US 5303339 A Abstract A a three-dimensional graphic processing apparatus wherein when a basic figure is subjected to Gouraud shading, an error, which occurs when the calculated value of a horizontal scan start point is rounded to an integer value for raster display, is found, and a luminance value and a depth value obtained by horizontal coordinate linear interpolation, can be corrected on the basis of the found error.
Claims(9) 1. A method of shading a graphic figure to be displayed on a graphics apparatus having a plurality of pixel locations, the method including the steps, performed by a processor, of:
generating a first signal representing a side of the graphic figure; extracting a point from the first signal to produce an extracted point; determining a luminance for the extracted point; determining a pixel location corresponding to the extracted point; and adjusting the luminance based on a spatial difference between the extracted point and the corresponding pixel location. 2. The method according to claim 1, wherein the step of determining a pixel location includes the substep of
adding 0.5 to a coordinate of the extracted point to produce a result having a plurality of digits, and rounding the result, and wherein the adjusting step includes the substep of determining an error to be a group of digits of the result when a digit preceding the group of digits is non-zero, and determining the error to be the two's complement of the group of digits when the preceding digit is 0; multiplying the error by an inclination of luminance to produce an adjusting value; and subtracting the adjusting value from the luminance determined in the luminance determining step. 3. The method according to claim 2, wherein the multiplying step includes the substep of shifting the inclination of luminance.
4. The method according to claim 3, further including the step of
determining a depth for the extracted point, wherein the multiplying step includes the substep of multiplying the error by an inclination of depth to produce a second adjusting value, and wherein the subtracting step includes the substep of subtracting the second adjusting value from the depth determined in the depth determining step. 5. The method according to claim 2, further including the step of
determining a depth for the extracted point, wherein the multiplying step includes the substep of multiplying the error by an inclination of depth to produce a second adjusting value, and wherein the subtracting step includes the substep of subtracting the second adjusting value from the depth determined in the depth determining step. 6. The method according to claim 1, further including the step of selectively disabling the adjusting step.
7. The method according to claim 6, further including the step of
determining a depth for the extracted point, wherein the multiplying step includes the substep of multiplying the error by an inclination of depth to produce a second adjusting value, and wherein the subtracting step includes the substep of subtracting the second adjusting value from the depth determined in the depth determining step. 8. The method according to claim 1, wherein the step of determining a pixel location includes the substep of
adding a constant to a coordinate of the extracted point to produce a result having a plurality of digits, and rounding the result, and wherein the adjusting step includes the substep of determining an error to be a group of digits of the result when a digit preceding the group of digits is non-zero, and determining the error to be the two's complement of the group of digits when the preceding digit is 0; multiplying the error by an inclination of luminance. 9. The method of according to claim 8, further including the step of determining a depth for the extracted point, wherein the multiplying step includes a substep of multiplying the error by an inclination of depth.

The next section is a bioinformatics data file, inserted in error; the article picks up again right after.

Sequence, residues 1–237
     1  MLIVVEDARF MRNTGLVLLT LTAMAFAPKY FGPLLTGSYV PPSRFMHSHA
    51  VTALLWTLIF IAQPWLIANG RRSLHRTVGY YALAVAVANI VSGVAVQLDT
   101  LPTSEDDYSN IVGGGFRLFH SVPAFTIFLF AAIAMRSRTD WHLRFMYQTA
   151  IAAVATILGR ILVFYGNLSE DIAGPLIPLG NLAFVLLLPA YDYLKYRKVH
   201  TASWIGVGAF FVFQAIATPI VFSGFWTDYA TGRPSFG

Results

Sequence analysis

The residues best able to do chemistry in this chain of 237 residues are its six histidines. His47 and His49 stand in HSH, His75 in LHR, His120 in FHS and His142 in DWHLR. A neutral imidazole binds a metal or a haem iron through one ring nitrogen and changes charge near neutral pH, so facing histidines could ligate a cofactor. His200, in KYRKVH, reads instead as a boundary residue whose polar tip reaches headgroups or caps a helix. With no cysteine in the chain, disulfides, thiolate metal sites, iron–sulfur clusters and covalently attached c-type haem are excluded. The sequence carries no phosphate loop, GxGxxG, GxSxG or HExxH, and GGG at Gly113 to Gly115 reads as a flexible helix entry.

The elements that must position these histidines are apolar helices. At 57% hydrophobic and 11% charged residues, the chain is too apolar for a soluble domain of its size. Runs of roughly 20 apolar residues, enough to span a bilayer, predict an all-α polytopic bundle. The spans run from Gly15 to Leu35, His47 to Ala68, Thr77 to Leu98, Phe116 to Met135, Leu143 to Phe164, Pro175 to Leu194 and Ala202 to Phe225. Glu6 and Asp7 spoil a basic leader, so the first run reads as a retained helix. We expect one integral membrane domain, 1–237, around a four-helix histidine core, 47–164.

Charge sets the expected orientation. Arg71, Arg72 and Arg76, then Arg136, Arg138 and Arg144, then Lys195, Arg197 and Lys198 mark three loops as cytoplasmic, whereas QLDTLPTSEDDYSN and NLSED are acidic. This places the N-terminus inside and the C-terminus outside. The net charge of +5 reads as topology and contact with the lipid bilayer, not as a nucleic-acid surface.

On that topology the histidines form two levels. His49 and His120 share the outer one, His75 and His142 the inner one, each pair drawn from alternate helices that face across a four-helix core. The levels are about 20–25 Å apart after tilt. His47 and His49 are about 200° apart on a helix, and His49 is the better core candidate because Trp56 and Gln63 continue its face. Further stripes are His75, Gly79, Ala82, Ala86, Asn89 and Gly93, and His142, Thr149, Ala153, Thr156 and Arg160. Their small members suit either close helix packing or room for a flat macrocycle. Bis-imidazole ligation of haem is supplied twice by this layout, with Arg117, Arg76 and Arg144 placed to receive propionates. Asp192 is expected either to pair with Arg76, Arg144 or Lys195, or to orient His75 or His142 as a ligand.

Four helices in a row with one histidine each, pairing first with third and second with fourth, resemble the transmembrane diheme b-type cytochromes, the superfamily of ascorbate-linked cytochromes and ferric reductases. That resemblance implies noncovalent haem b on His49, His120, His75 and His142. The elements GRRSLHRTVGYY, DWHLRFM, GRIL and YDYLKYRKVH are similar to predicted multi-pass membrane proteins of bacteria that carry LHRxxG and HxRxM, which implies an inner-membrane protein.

Description 1. Field of the Invention The present invention relates generally to a three-dimensional graphic processing apparatus for performing shading on a three-dimensional figure expressed by a plurality of polygons, and in particularly to a three-dimensional graphic processing apparatus having means for correcting a quantization error caused by rounding real values into integer values for display. 2. Description of the Related Art In the field of conventional three-dimensional graphic processing, a Gouraud shading method is most common as an algorithm for carrying out three-dimensional display with shading. In the Gouraud shading method, a there-dimensional figure to be described is expressed by a polygon (e.g. a very small triangle). The values of three-dimensional coordinates and luminance of all points within the polygon are obtained by linear interpolation on the basis of data relating to the three-dimensional coordinates and luminance at the apices of the polygon. Thus, the figure is provided with smooth shading. The Gouraud shading is described in detail in the following documents: 1) "COMPUTER GRAPHICS", J. D. Foley, A. Vandam, translated by Imamiya, Japan Computer Association, P. P. 587-596, 2) NIKKEI ELECTRONICS, 1986, vol. 4.7 (No. 392), P. P. 171-194, and 3) Japanese Patent Application No. 61-227980 (a senior application by the same applicant as the present application). The Gouraud shading will now be described in brief. Suppose that the polygon is a small triangle as shown in FIG. 1. The values in the three-dimensional coordinates (X-axis, Y-axis, Z-axis) and the value of luminance I at the apices of the triangle are represented by A (X1, Y1, Z1, I1), B (X2, Y2, Z2, I2), C (X3, Y3, Z3, I3). First, the inclination of the values X1, Z1 and I1 on the left side AB and the inclination of the value X2 on the right side AC are obtained. The inclination ΔX1 of value X1, the inclination ΔZ1 of value Z1, the inclination ΔI1 of value I1 and the inclination ΔX2 of value X2 are given by the following equations: ##EQU1## Since the figure is a triangle, the inclination ΔIa of value I and the inclination ΔZa of value Z on a horizontal line (parallel to the Y-axis) have constant values, and are given by ##EQU2## The inclinations ΔX1, ΔZ1 and ΔI1 on the left side AB are added to the X-axis coordinate X2, Y-axis coordinate Y2, and Z-axis coordinate Z2 at the apex B, thereby finding the coordinates values (Xs, Zs and Is) at the horizontal scan start point. Then, the inclination ΔX2 on the right side AC is added to the X-axis coordinate X2 of the apex B, thereby obtaining the coordinate value Xe at the horizontal scan end point. The inclinations ΔIa and ΔZa on the horizontal line are added to Is and Zs over the line from Xs to Xe, thus finding values I and Z at each point. In this manner, the figure is entirely scanned horizontally. All arithmetic operations for the scan are performed in the three-dimensional graphic processing apparatus on the basis of real numbers with a given precision (e.g. double precision). Thus, the coordinates values Xs, Zs and Is on the left side, the coordinate value Xe on the right side, and the inclinations are all represented by real numbers. Although the arithmetic operations are performed in the three-dimensional graphic processing apparatus on the basis of real values, a final three-dimensional figure is obtained by quantizing and rounding the real values to integer values at an integer-number of lattice points (pixel points) on the display screen of a display (normally, a raster display). Accordingly, as is shown in FIG. 2, a displacement (round-off error) Δx occurs between a real point and a lattice point for shading. Thus, the luminance I and depth Z at each point for shading have round-off errors Δx·ΔIa and Δx·ΔZa. When the X-coordinate value Xs at the start point on the left side of the triangle is obtained, 0.5 is added to the initial value (e.g. X2 at point B) for rounding. Finally, a decimal fraction of the initial value is omitted and the value is rounded to an integer value. Then, as is shown in FIG. 3, the real edge of the figure and the internally calculated edge point for rounding are parallel with an error of 0.5. In this case, Δx<0.5. If the values ΔIa and ΔZa are very large, the error of each point increases. In the boundary of two figures, a single point may have different calculated values, and the boundary may be displayed in a zigzag fashion. As has been described above, in the conventional three-dimensional graphic processing apparatus, the arithmetic operations are performed on the basis of real numbers, but the real numbers are rounded for the shading process. Thus, a displacement appears between the real edge of a figure and the point for shading, and an error occurs in calculation results relating to the boundary of two figures. As a result, the boundary is displayed discontinuously. The object of the present invention relates to a three-dimensional graphic processing apparatus wherein when a calculated real value is rounded to an integer value for shading, an error between a real edge of a figure and a shading point can be corrected and the calculation results relating to boundary portions of two figures coincide substantially, whereby a natural and continuous shading image on the boundary of the figures can be obtained, and also a high-quality image can be obtained. A three-dimensional graphic processing apparatus according to a preferred embodiment of the present invention comprises: means for adding 0.5 to the calculated result of the coordinate value of a horizontal scan start point on a left side of a basic figure, and rounding the result value to an integer value; first means wherein when the first digit place of the value, which was obtained by adding 0.5 to the calculated value of the horizontal scan start point on the left side of the basic figure, is 1, the second to n-th places of the digits are obtained as an error, in the horizontal coordinate, and, when the first digit place of said value is 0, a complement of 2 for the second to n-th digit places is obtained as the error in the horizontal coordinate; second means for finding a correction value by multiplying the error in the horizontal coordinate by the inclination of luminance with respect to the horizontal direction, and finding a correction value by multiplying the error in the horizontal direction by the inclination of depth with respect to the horizontal direction; and third means wherein when the first digit place of the value, which was obtained by adding 0.5 to the luminance and depth values calculated by the horizontaldirectional linear interpolation, is 1, the correction value obtained by said second means is subtracted, and when the first digit place is 0, the correction value obtained by said second means is added. As has been stated above, according to the preferred three-dimensional graphic processing apparatus of the present invention, when a calculated real value is rounded to an integer value for shading, an error between a real edge of a figure and a shading point can be corrected and the calculation results relating to boundary portions of two figures coincide substantially, whereby a natural and continuous shading image on the boundary of the figures can be obtained, and also a high-quality image can be obtained. In addition, according to the preferred three-dimensional graphic processing apparatus of the present invention, the hardware necessary for adding an error correction means to a conventional three-dimensional graphic processing apparatus may have a simple structure. Specifically, the hardware may comprises only such parts as an adder/subtracter (conventional one), a rotator, a complement-of-2 circuit and a register. According to the preferred embodiment of the present invention, the operation of the error correction means can be ON/OFF controlled, depending on the case where the image quality needs to be enhanced with high precision, and the case where a high-speed operation, rather than precision, is required. Additional objects and advantages of the invention will be set forth in the description which follows, and in part will be obvious from the description, or may be learned by practice of the invention. The objects and advantages of the invention may be realized and obtained by means of the instrumentalities and combinations particularly pointed out in the appended claims. The accompanying drawings, which are incorporated in and constitute a part of the specification, illustrate a presently preferred embodiment of the invention, and together with the general description given above and the detailed description of the preferred embodiment given below, serve to explain the principles of the invention. FIG. 1 shows an example of a polygon (basic figure) used in a three-dimensional graphic processing apparatus for performing Gouraud shading, a horizontal scan start point for shading, and points for shading; FIGS. 2 and 3 show the state wherein a displacement Δx (round-off error) occurs between a horizontally scanned real point in a polygon and a shading point, when the real point is quantized for shading performed by a conventional three-dimensional graphic processing apparatus, and the state wherein an edge point calculated in the apparatus is displaced in parallel from a real edge of the polygon when 0.5 is added to round the calculated value; FIG. 4 is a block diagram showing a basic structure of the three-dimensional graphic processing apparatus of the present invention; FIGS. 5A and 5B show the states wherein the horizontal scan start point Xs is represented by n≦Xs<n+0.5 and n+0.5≦Xs<n+1, after 0.5 was added to round the horizontal scan start point on the left side of the basic figure shown in FIG. 1; FIG. 6 is a block diagram showing an example of the three-dimensional graphic processing apparatus of the present invention; FIGS. 7 and 8 are flowcharts illustrating the interpolation operation for the horizontal scan point along the left side of the basic figure, which is carried out by the first calculation unit in the three-dimensional graphic processing apparatus shown in FIG. 6, and the interpolation operation for the luminance and depth in the horizontal direction, which is carried out by the second calculation unit; and FIGS. 9 and 10 show an I-correction process routine in the flowchart of FIG. 7, which is carried out by the error correction unit in the three-dimensional graphic processing apparatus, and a flowchart for illustrating the operation corresponding to a Z-correction processing routine. FIG. 4 shows a three-dimensional graphic processing apparatus 10 in an integrated circuit. The graphic processing apparatus 10 does not carry out the conventional error correction operation explained with reference to FIGS. 1 to 3. This apparatus 10 is connected to error correction circuit 20. The error correction circuit 20 finds an error Δx, which occurs when the calculation result of a horizontal scan start point Xs on the left side of a polygon (basic figure) is rounded down to an integer, value, for raster display. Thus, the error correction circuit 20 corrects the luminance value and the depth value obtained by the horizontal-directional linear interpolation, on the basis of the error Δx. In this embodiment, the calculation result of the horizontal scan start point Xs on the left side of the polygon is rounded to a integer value for raster display, in the following manner. The value 0.5 is added to the calculation result of the horizontal scan start point Xs on the left side of the basic figure, and the resultant value is rounded to an integer value. As a result, as shown in FIG. 2, an error Δx (<0.5) occurs between the real point of the figure and the shading point. The luminance I and the depth Z of the shading point must be corrected by Δx·ΔIa and Δx·ΔZa in relation to the real point on the edge. The values Δx·ΔIa and Δx·ΔZa represent the inclination of the luminance I and the inclination of the depth Z on a horizontal line (parallel to the Y-axis). The error correction circuit 20 comprises a first circuit, second circuit and a third circuit. The function of the first circuit will now be described. When the digit first place of the value, which was obtained by adding 0.5 to the calculated value of the horizontal scan start point on the left side of the basic figure in the rounding step, is 1, the first circuit obtains the second to n-th places as an error Δx in the, horizontal coordinate. When the digit first place is 0, the first circuit obtains a complement of 2 for the second to n-th places as the error Δx in the horizontal coordinate. The second circuit of the error correction means 20 a correction value Δx·ΔIa by multiplying the error Δx by the inclination ΔIa of luminance with respect to the horizontal direction. In addition, the second circuit finds a correction value Δx·ΔZa by multiplying the error Δx by the inclination ΔZa of depth with respect to the horizontal direction. The third circuit of the error correction circuit 20 operates as follows. When the first place of the value, which was obtained by adding 0.5 to the luminance and depth values calculated by the horizontaldirectional linear interpolation in the rounding step, is 1, the third circuit subtracts the correction value obtained by the second circuit. When the first place is 0, the third circuit adds the correction value obtained by the second circuit. The method of finding the error Δx and the method of correcting the values Δx·ΔIa and Δx·ΔZa are different between the case where the horizontal scan start point Xs is n (integer) ≦Xs<n+0.5, as is shown in FIG. 5A, and the case where the horizontal scan start point Xs is n+0.5≦Xs<n+1, as is shown in FIG. 5B. Where the horizontal scan start point Xs is n (integer)≦Xs<n+0.5, as is shown in FIG. 5A, the value calculated in the three-dimensional graphic processing apparatus includes "1" at the first digit place, like "0.11011 . . . ". Thus, the value at the second to n-th digit places (0.01011 . . . ) is obtained as error Δx. The correction values Δx·ΔIa and Δx·ΔZa obtained by the second circuit are present on the positive size of X. Thus, in the third circuit, the correction values Δx·ΔIa and Δx·ΔZa obtained by the second circuit are subtracted from the luminance value and the depth value obtained by the linear interpolation calculation of the horizontal coordinate. By contrast, where the horizontal scan start point Xs is n+0.5≦Xs<n+1, as is shown in FIG. 5B, the value calculated in the three-dimensional graphic processing apparatus includes "0" at the first digit place, like "0.01100 . . .". Thus, the complement of 2 of the value at the second to n-th digit places (0.00100 . . . ) is obtained as error Δx. The correction values Δx·ΔIa and Δx·ΔZa obtained by the second means are present on the positive size of X. Thus, in the third circuit the correction values Δx·ΔIa and Δx·ΔZa obtained by the second circuit are added to the luminance value and the depth value obtained by the linear interpolation calculation of the horizontal coordinate. The number of digit places to be calculated depends on the precision required. In practice, the calculation to the fifth or sixth point is sufficient. In this case, the error is 2 It can be considered that when the correction values Δx·ΔIa and Δx·ΔZa are calculated, the precision is enhanced by use of multipliers. When the calculation is performed with double precision, if Δx is 16 bits and ΔIa and ΔZa are 32 bits respectively, multipliers of 16 bits × 32 bits are required. In the prior art, when linear interpolation is performed, it is sufficient that an increment of variation is added to the previous value, and hardware may have a simple structure. For example, adders and registers may be used as hardware. Under the situation, it is desirable that the error Δx is corrected by hardware with high performance, without using multipliers. Referring to FIG. 6, a description will now be given of the case where the shift and addition are repeated, for example, with use of adders/subtracters, rotators (bit rotation circuits), and registers. A three-dimensional graphic processing apparatus shown in FIG. 6 comprises a first calculator 31, a second calculator 32 and an error correction unit 33. The first calculator 31 calculates the luminance I and depth Z on the edge of the side AB of the polygon, the X-coordinate value Xs of the start point, and the X-coordinate value Xe of the end point. The second calculator 32 performs interpolation for the luminance and depth along a horizontal line between the start point Xs to the end point Xe and outputs the calculation results, as write inputs, to, for example, external memories (I memory and Z memory) which are provided outside the integrated circuit. The first calculator 31 comprises registers 41 for storing data relating to various inclinations on the edge, an adder/subtracter 42 for receiving the data from the registers 41 as one input, and performing interpolation, and registers 43 for storing various values on the edge, which are output from the adder/subtracter 42. For the error correction operation, the first calculator 31 further comprises a first selector 44 for selecting one of the luminance inclination ΔIa and depth inclination ΔZa supplied from the second calculator 32, a resistor 45 for storing the inclination selected by the first selector 44, and a second selector 46 for selecting either one of the content of the register 45 and the content of the register group 41 for storing the various inclinations on the edge, and supplying the selected content to the adder/subtracter 42 as the other input. The operation of these elements is controlled by a first controller 34 on the basis of programs. The second calculator 32 comprises a register 51 for storing data relating to the luminance inclination ΔIa, an adder 52 for receiving the data from the register 51 as one input and performing interpolation for the luminance in the horizontal direction, a selector 53 for selecting either one of a luminance output from the adder/subtracter 42 and an output from the adder 52, a register 54 for storing data relating to the luminance of the point selected by the selector 53, a register 55 for storing the depth inclination ΔZa, an adder 56 for performing interpolation for the depth in the horizontal direction, a selector 57 for selecting either one of a depth output from the adder/subtracter 42 and an output from the adder 56, and a register 58 for storing data relating to the depth of the point selected by the selector 57. The operation of these structural elements is controlled by a second controller 35 on the basis of programs. The second controller 35 is activated by the first controller 34. While the second controller 35 is in operation, a busy flag is indicated for the first controller 34. The error correction unit 33 comprises a rotator 61 and a complement-of-2 circuit 62, and uses the adder/subtracter 42, part of the register group 43, register 45, first selector 44 and second selector 46. The operation of the error correction unit 33 is controlled by the first controller 34 on the basis of programs. The basic operation of the above-described three-dimensional graphic processing apparatus will now be described with reference to flowcharts of FIGS. 7 to 10. The flowchart of FIG. 7 illustrates the operation of interpolation for the left side of a polygon, which is carried out by the first calculator 31. First, initial values for a given polygon are set in the registers 41 and 43. When the second controller 35 is not busy, the values Ia edge and Za edge on the edge, which are set in the registers 43, are transferred to the registers 54 and 58 in the second calculator 32. The adder/subtracter 42 adds the luminance inclination ΔI set in the registers 41 to the edge value I edge set in the registers 43. The added value is stored in the registers 43. On the basis of the added result, an I-correction process is performed, as will be described later. Subsequently, the adder/subtracter 42 adds the depth inclination ΔZ set in the registers 41 to the edge value Z edge set in the registers 43. The added value is stored in the registers 43. On the basis of the added result, a Z-correction process is performed, as will be described later. Subsequently, the adder/subtracter 42 adds the inclination ΔX1 set in the registers 41 to the X-coordinate value Xs of the start point set in the registers 43. The added value is stored in the registers 43. The adder/subtracter 42 adds the inclination ΔX2 set in the registers 41 to the X-coordinate value Xe of the end point set in the registers 43. The added value is stored in the registers 43. This operation is repeated until the processing for one polygon is completed. The flowchart of FIG. 8 illustrates the operation of interpolation for the luminance I and depth Z in the horizontal direction, which is carried out by the second calculator 32. When the second controller 3 is activated by the first controller 34, a busy flag is indicated for the first controller 34. The adder 52 adds the inclination ΔIa of luminance I on the horizontal line, which is set in the register 51, to the content of the register 54. The added value is transferred to an external I-memory. The adder 56 adds the inclination ΔZa of depth Z on the horizontal line, which is set in the register 55, to the content of the register 58. The added value is transferred to an external Z-memory. The content of a horizontal counter X (not shown) is incremented by one, and the above operation is repeated until the value of the counter X becomes greater than the X-coordinate value Xe of the end point. Thereafter, the indication of the busy flag is stopped. Thus, the horizontal inclinations of ΔIa and ΔZa are added to the luminance I and depth Z over the distance between the X-coordinate point Xs of the start point to the X-coordinate point Xe of the end point, thereby obtaining the values of I and Z at each point. The flowchart of FIG. 9 illustrates the operation of the error correction unit 33 corresponding to the I-correction process routine in the flowchart of FIG. 7, and the flowchart of FIG. 10 illustrates the operation of the error correction unit 33 corresponding to the Z-correction process routine in the flowchart of FIG. 7. Basically, the horizontal inclination ΔIa (or ΔZa) set in the register 51 (or 55) is shifted to the right by two bits (i.e. divided by 4). The resultant is stored in the register 45. The value Δx is set in the rotator 61, taking account of the first place of the X-coordinate value Xs of the start point set in the registers 43. If the highest bit of the rotator 61 is 1, the adder/subtracter 42 performs addition or subtraction (subtraction when the first place is 1; addition when the first place is 0 with respect to the content of the register 45 and the edge value Ia edge (or Za edge) stored in the registers 43. The resultant value is stored in the registers 43. Then, the content of the register 45 is shifted to the right by one bit, the rotator 61 is rotated, and the shift/addition operation is performed for the second place to the n-th decimal place (n-2 times). Since the rotator 61 is restored to the original state by (n-1) rotational operations, it is not necessary to set Δx in the rotator 61 in the Z-correction process routine. The hardware preferred three-dimensional graphic processing apparatus of the present invention is constructed such that the error correction circuit is added to the conventional three-dimensional graphic processing apparatus wherein error correction is not effected. In the above-described embodiment, the error correction circuit is operated to enhance the precision of the apparatus and to attain a high image quality. When the high-speed operation, rather than the precision, of the apparatus is required, the error correction circuit may not be operated. For example, the operation of the error correction may be turned on/off in response to a switch control input applied from the outside of the integrated circuit by a user. In the case of the three-dimensional graphic processing apparatus shown in FIG. 6, a switching control signal may be applied to the first controller 34 and the control program may be changed such that when the error correction is not operated, a jump to the I-correction process routine and to the Z-correction process routine in the flowchart of FIG. 7 is prohibited. Additional advantages and modifications will readily occur to those skilled in the art. Therefore, the invention in its broader aspects is not limited to the specific details, and representative devices, shown and described herein. Accordingly, various modifications may be made without departing from the spirit or scope of the general inventive concept as defined by the appended claims and their equivalents. Patent Citations